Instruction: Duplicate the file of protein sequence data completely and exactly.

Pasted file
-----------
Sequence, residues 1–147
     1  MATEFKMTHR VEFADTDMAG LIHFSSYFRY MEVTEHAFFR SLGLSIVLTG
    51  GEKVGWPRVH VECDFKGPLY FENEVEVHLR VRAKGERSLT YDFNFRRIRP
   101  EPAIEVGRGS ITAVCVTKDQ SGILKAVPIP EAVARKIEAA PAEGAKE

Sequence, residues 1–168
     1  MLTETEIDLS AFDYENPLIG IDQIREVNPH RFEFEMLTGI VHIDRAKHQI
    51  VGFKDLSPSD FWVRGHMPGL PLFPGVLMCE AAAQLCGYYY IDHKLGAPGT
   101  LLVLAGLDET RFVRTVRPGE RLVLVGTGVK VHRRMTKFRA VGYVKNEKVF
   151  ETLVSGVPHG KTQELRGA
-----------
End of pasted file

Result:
Sequence, residues 1–147
     1  MATEFKMTHR VEFADTDMAG LIHFSSYFRY MEVTEHAFFR SLGLSIVLTG
    51  GEKVGWPRVH VECDFKGPLY FENEVEVHLR VRAKGERSLT YDFNFRRIRP
   101  EPAIEVGRGS ITAVCVTKDQ SGILKAVPIP EAVARKIEAA PAEGAKE

Sequence, residues 1–168
     1  MLTETEIDLS AFDYENPLIG IDQIREVNPH RFEFEMLTGI VHIDRAKHQI
    51  VGFKDLSPSD FWVRGHMPGL PLFPGVLMCE AAAQLCGYYY IDHKLGAPGT
   101  LLVLAGLDET RFVRTVRPGE RLVLVGTGVK VHRRMTKFRA VGYVKNEKVF
   151  ETLVSGVPHG KTQELRGA